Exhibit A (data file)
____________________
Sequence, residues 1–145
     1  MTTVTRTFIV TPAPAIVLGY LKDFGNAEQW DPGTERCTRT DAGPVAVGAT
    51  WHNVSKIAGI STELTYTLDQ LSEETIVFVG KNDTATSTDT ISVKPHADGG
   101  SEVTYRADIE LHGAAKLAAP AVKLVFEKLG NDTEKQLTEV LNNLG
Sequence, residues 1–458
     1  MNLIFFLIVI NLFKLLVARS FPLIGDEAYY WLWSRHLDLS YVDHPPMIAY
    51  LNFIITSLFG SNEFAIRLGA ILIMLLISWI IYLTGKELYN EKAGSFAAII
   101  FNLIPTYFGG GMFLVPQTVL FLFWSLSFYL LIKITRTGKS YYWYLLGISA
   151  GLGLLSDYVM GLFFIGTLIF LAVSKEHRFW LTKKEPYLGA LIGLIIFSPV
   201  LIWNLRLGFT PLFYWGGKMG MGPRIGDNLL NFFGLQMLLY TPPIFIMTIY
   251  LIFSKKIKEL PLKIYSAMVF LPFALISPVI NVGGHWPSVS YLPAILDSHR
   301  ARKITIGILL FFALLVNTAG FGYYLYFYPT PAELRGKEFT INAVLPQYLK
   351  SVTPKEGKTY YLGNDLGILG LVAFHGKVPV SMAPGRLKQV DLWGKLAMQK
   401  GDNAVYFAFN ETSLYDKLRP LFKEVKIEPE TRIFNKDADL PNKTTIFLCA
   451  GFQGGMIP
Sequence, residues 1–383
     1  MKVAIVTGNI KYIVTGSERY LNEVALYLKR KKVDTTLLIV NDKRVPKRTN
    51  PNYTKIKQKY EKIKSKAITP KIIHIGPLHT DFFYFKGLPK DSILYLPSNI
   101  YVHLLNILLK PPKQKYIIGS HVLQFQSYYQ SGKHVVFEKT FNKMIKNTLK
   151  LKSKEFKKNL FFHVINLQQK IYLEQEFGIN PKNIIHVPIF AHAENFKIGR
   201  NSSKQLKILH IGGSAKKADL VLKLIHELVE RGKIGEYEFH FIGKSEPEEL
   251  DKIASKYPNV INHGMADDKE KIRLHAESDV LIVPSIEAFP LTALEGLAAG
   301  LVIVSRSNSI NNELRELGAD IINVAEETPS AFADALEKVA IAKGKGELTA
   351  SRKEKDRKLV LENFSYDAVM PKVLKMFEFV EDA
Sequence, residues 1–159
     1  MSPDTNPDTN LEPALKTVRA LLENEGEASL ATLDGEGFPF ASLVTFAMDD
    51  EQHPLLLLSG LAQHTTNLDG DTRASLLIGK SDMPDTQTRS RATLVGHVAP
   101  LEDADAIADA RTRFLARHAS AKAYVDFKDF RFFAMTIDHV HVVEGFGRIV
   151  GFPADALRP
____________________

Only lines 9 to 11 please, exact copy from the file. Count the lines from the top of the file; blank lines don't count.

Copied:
   151  GLGLLSDYVM GLFFIGTLIF LAVSKEHRFW LTKKEPYLGA LIGLIIFSPV
   201  LIWNLRLGFT PLFYWGGKMG MGPRIGDNLL NFFGLQMLLY TPPIFIMTIY
   251  LIFSKKIKEL PLKIYSAMVF LPFALISPVI NVGGHWPSVS YLPAILDSHR